At 6:30 AM on Friday morning April 5, 1968, I was driving to work at the Chesapeake & Potomac Telephone Company’s Dupont Central Office building at 14thand R Streets in Washington, D. C. It was to be my last day before reporting on April 20 to the U. S. Navy’s Officer Candidate School in Newport, Rhode Island. I could feel a serious hangover coming on from the farewell party that had run past 2:00 AM the evening before. The test center personnel I supervised, half of whom were African American, had taken up a collection to purchase me the largest and most expensive Buck knife they could find. I hoped I would never require this formidable weapon aboard ship, but their thought was appreciated nonetheless. We partied hard and consumed alcohol as you only can when you are 22. Never one to listen to radio so early in the morning, I was playing an 8-track tape and looking forward to two weeks of vacation before reporting for duty.


Miller HudsonMiller HudsonMarch 14, 20189min871

The second PERA reform/bailout bill (SB 18-200) in less than a decade reaches the Colorado Legislature this week amidst a clash of competing narratives regarding who is responsible for the pension plan’s precarious fiscal posture. On one side is a tale that greedy employees have maliciously and surreptitiously burdened taxpayers with a bankrupting obligation that guarantees public school teachers, together with participating state and local government workers, for the onerous costs of undeserved and lavish retirements. In contrast stands the charge that a negligent Legislature, irrespective of Democratic or Republican majorities, has consistently failed to adequately fund PERA pensions for decades, thereby igniting a budget-burning conflagration, which the arsonists are now rushing to extinguish in the guise of firefighters. This finger-pointing minuet obscures a fundamental conflict of values underlying the debate ahead.


Miller HudsonMiller HudsonMarch 6, 20188min259

Weathering a seven-hour public hearing is a chore that usually falls to reporters and lobbyists who are compensated for their misery. Last week’s expulsion drama in the Colorado House of Representatives, however, packed the public gallery with young women wearing black (mostly interns and legislative aides), together with a smattering of the curious. A century has elapsed since the Legislature last considered ejecting one of its members. That 1915 debate involved a Representative charged with bribery, a subsequent perjury and concluded with his arrest on the floor of the House Chamber. A Democratic legislator and four other women, by contrast, alleged eleven instances of sexual harassment on the part of Steve Lebsock — charges judged credible by an independent investigator. House Democrats introduced their resolution to expel Lebsock from his seat, commandeering Republicans into a brawl with implications for three Senate colleagues facing similar charges.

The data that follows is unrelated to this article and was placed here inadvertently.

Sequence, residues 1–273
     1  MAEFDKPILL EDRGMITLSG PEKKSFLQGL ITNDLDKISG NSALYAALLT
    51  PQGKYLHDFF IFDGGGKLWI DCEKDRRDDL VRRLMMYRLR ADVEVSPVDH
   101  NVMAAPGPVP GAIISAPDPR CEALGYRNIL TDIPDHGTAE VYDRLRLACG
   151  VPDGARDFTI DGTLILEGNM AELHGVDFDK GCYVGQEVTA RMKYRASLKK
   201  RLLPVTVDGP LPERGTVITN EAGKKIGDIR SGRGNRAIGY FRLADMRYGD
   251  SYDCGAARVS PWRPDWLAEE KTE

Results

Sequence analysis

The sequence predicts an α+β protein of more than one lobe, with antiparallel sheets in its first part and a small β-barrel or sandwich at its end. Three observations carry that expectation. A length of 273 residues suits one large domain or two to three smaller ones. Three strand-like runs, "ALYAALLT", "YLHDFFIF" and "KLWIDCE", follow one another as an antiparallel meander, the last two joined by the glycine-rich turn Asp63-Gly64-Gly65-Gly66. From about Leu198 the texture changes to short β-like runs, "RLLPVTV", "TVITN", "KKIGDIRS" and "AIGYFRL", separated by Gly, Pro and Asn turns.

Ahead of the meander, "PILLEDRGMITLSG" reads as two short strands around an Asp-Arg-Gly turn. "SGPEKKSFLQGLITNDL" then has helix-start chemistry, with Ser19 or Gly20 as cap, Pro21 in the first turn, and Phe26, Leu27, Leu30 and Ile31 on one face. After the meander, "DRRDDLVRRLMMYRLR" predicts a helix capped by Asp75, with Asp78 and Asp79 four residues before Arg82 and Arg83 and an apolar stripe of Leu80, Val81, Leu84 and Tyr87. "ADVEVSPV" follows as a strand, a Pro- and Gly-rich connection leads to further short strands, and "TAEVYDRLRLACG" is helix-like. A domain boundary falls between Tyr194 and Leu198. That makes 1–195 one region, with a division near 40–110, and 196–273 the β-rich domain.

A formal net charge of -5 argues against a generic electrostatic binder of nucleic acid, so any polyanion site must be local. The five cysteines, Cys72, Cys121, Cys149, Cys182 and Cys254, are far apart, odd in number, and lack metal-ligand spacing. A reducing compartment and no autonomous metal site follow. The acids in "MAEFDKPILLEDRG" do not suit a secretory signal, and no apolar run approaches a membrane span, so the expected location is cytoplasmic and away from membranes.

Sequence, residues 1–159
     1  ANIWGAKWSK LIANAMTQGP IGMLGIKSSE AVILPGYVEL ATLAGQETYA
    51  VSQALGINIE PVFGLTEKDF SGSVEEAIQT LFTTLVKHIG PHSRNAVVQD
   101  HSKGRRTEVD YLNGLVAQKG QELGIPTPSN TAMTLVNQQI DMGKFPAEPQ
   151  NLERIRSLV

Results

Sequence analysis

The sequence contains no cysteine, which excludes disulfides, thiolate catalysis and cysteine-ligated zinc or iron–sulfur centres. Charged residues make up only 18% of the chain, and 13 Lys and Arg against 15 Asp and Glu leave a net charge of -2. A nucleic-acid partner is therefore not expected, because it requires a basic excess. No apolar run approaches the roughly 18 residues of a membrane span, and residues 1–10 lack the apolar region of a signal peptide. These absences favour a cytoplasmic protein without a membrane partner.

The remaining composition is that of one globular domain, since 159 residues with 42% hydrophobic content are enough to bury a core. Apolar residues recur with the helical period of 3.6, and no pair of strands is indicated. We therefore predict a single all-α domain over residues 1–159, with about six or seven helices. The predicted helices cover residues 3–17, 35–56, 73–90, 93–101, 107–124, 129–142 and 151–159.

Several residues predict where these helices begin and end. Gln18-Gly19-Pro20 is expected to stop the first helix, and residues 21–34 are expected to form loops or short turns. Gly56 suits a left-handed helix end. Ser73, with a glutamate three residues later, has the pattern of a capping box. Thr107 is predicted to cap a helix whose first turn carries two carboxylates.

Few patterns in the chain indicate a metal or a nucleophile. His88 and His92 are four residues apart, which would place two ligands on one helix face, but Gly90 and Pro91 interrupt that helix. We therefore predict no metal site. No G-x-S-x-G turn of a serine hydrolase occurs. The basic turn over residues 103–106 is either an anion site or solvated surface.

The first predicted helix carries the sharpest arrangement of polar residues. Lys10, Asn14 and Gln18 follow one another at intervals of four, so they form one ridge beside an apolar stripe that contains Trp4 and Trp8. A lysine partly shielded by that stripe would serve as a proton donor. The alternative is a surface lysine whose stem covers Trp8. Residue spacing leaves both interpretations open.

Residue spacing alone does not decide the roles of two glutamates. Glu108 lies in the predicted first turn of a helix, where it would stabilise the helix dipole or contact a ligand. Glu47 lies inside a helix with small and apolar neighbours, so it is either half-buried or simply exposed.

Miller HudsonMiller HudsonFebruary 26, 20186min1783

Tax policy is a conversation that makes taxpayers' eyes glaze over, especially when the politicians responsible for protecting them against runaway confiscation demonstrate a weak comprehension of economic realities. Academic tax debates examine concepts like efficiency, suppression, avoidance and tax fairness. When “sin” taxes grow too onerous, for example, black markets emerge for cigarettes, alcohol and soon, it seems likely in Colorado, marijuana. From a macroeconomic perspective taxes should shear profits from the healthiest sectors of the economy, recognizing this will prove a changing mosaic over time.


Miller HudsonMiller HudsonJanuary 30, 20186min482

During the dozen years since Colorado voters lifted TABOR spending limits by approving Referendum C in 2005, legislative leaders from both sides of the aisle have performed an annual charade in which they profess their support for expanded transportation funding. 2018 has proven no different. Yet the record shows, that with the exception of the road and bridge registration fee imposed by Democrats and last year’s Republican provision in SB 267 authorizing state buildings to be mortgaged as collateral against transportation bonds, each a fiscal Band-Aid, the Legislature has consistently failed to propose a comprehensive funding program despite the professed consensus regarding its importance. While congestion grows as thousands of new vehicles are registered each month, our state highways are evidencing growing signs of neglect.